FAQs Returned Volunteers



Cleaning up the town

Published on 27th October 2014

Gina Tari Buletare’s day starts at 4am. She and her husband are both public servants, working in Luganville, Vanuatu, and their four kids aged three to eight, need setting up for the day.


Despite the early starts, Gina’s energy for her work is clear – for the last eight months, she’s been a Waste Management Officer for Luganville Municipal Council, first working alongside VSA volunteer Sean Toland, and now with volunteer Mary O’Reilly. In a short period of time, waste management in the region has seen a massive improvement, and they have yet more plans, some of which will require convincing a community to completely change its habits. Gina is determined: “It will work!” she insists.


Quick facts

  • Sean was the first GHD staff member to travel with VSA under our New Zealand and Regional Partnerships Scheme.
  • The Luganville Province has a population of around 12,000.
  • Around 7,500 tonnes of waste are taken to the landfill each year.
Gina Tari Buletare

Gina Tari Buletare

Gina is in Wellington to attending the Waste Management Institute of New Zealand (WasteMINZ) annual conference, after Sean applied to VSA for funding to bring her over for her career development. It's her first trip to the capital, but as a young woman, she won a scholarship to study at Gisborne Girls' High School, then another to study Environmental management at Northland Polytechnic, after which she returned to Vanuatu and worked for eight years at an environmental NGO.


When Sean arrived in Luganville to work as a geotechnical/waste management adviser (landfill) in partnership with GHD, rubbish collection was irregular, and waste in the landfill was regularly burned. Gina says, “you could stand on the hill and see smoke everywhere.”


In just a little over a year, there have been radical changes: Sean recommended a stop to landfill burning, and the team with Mary has more recently instituted a fines system for people who burn rubbish at home, as burning plastics caused health and environmental problems. Recycling stations have been set up, and the town market now boasts a compost bin.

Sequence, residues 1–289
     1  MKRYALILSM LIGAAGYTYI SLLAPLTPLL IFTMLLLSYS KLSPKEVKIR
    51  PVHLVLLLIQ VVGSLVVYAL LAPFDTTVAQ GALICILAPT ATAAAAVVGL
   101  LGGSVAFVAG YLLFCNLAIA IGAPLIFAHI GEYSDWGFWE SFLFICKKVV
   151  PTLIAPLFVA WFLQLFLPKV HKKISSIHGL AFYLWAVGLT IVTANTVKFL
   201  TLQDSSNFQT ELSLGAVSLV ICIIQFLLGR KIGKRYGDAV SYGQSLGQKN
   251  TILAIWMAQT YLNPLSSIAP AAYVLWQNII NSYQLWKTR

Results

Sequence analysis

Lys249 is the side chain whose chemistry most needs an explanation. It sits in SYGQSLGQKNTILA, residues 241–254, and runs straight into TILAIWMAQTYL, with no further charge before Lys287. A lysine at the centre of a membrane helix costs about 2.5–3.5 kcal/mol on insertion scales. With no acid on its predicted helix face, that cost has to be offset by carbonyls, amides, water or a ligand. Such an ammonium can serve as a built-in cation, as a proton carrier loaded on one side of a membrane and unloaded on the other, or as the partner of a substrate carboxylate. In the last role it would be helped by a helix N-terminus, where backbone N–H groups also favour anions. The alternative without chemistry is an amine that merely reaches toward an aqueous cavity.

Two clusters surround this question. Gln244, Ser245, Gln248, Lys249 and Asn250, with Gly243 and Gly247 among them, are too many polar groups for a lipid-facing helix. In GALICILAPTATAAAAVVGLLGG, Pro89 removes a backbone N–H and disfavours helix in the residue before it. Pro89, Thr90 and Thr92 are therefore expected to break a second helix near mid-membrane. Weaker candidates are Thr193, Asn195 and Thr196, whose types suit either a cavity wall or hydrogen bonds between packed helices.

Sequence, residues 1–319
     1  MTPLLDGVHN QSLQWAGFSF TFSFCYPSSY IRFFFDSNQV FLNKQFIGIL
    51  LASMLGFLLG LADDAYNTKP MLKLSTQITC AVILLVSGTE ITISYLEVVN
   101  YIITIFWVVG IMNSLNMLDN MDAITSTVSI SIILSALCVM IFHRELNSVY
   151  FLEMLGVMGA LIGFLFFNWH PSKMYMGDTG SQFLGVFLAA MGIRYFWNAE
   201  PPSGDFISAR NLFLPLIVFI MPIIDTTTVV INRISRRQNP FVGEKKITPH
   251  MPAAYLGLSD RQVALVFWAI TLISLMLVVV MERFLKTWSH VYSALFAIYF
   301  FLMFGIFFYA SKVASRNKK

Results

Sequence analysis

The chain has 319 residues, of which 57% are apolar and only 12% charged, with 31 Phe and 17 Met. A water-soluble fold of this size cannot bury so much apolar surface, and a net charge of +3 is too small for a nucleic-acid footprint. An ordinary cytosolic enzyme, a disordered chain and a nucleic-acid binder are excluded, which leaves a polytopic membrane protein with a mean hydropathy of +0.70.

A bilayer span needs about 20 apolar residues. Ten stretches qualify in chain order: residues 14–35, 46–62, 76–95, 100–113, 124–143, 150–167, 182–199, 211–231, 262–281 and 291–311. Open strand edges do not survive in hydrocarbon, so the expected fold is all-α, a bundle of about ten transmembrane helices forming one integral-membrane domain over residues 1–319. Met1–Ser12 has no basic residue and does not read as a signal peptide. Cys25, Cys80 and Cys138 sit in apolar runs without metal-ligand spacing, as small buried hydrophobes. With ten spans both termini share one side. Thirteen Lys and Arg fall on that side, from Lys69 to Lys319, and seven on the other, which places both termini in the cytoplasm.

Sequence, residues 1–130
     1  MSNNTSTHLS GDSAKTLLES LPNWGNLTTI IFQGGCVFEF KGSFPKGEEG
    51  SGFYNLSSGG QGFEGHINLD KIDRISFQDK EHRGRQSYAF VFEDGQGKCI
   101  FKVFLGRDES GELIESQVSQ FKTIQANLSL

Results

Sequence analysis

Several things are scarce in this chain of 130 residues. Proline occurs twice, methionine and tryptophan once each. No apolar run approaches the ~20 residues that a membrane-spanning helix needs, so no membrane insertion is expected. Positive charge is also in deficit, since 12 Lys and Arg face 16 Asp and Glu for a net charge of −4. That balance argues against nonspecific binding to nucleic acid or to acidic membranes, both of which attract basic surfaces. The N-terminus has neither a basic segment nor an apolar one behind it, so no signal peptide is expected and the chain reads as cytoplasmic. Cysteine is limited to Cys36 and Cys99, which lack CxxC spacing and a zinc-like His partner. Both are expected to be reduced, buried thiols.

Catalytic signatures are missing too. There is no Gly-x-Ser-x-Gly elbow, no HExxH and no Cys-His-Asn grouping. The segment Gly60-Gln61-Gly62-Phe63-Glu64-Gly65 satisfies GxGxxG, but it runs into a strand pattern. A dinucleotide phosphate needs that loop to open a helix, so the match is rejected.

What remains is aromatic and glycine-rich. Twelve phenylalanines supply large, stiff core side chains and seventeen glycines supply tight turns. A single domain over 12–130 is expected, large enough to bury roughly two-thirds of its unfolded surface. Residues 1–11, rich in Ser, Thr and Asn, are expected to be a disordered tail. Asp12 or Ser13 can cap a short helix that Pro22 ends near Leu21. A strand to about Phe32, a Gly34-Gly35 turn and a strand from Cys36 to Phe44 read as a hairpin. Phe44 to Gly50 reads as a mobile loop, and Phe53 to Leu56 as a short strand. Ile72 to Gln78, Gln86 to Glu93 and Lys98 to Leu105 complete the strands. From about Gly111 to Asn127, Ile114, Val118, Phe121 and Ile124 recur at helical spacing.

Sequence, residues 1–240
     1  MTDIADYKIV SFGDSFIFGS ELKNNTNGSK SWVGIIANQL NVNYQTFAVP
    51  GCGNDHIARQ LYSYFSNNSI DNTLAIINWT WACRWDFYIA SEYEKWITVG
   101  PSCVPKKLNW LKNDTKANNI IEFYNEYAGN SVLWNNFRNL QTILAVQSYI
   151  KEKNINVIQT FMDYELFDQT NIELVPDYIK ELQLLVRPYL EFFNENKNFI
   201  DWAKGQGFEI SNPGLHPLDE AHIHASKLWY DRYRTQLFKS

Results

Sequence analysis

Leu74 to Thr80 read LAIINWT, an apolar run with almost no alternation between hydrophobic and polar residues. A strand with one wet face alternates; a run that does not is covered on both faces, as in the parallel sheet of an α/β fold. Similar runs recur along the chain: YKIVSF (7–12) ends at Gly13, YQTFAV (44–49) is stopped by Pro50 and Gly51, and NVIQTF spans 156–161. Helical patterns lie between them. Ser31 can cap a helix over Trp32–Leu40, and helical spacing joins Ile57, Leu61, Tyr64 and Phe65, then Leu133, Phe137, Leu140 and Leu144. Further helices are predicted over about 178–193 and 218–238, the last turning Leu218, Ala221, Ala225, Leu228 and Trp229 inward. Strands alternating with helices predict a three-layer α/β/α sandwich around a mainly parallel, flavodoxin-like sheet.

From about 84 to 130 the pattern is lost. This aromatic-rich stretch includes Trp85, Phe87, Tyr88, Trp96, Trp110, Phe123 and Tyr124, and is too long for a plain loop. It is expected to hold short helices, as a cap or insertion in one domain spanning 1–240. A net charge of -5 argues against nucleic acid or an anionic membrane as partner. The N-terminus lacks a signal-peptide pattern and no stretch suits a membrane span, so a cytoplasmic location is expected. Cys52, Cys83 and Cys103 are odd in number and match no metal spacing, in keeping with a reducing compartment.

Importantly, the waste service now has its own budget line: previously, money needed came out of one Council pot, so if a rubbish truck needed repairs, often the funds were simply not available. Now, Gina says, they manage their own funds, so can keep the operation running smoothly, and there are now three trucks, up from one last year.


The next big project that Gina and Mary are working on is a prepaid rubbish bag collection scheme. Port Vila, Vanuatu’s capital, has tried it, “but it didn’t work”, Gina says, and she and Mary have done a lot of work to understand why.


In Luganville, bags will be available through retailers in the town (in Port Vila, they were sold only through the Council) at 80 vatu (around $1) each. Gina’s working on making sure rubbish collectors are specialists – not just labourers chosen from a revolving pool – as it’s more efficient and, says Gina, “they’d be better at educating the community about waste.”


The scheme will begin in February next year, giving the team several months to continue their educational outreach to schools, tourism operators and the rest of the community. Convincing them to pay for a service that was previously free is the biggest hurdle but, says Gina, the message is starting to get through that the service isn’t covered by property taxes and there are significant health, environmental and economic reasons for ensuring the town is clean and tidy. Households will be given two free bags each, and a month’s grace before other bags will be refused.


Come to Luganville next year, Gina says, and the “Luganville red bags” will be cleaning up the town.

1 Comment

  • Karen Wason on 29th October

    Nice one ladies. Look forward to a return trip to see more of your good work. Regards Karen Wason:-)

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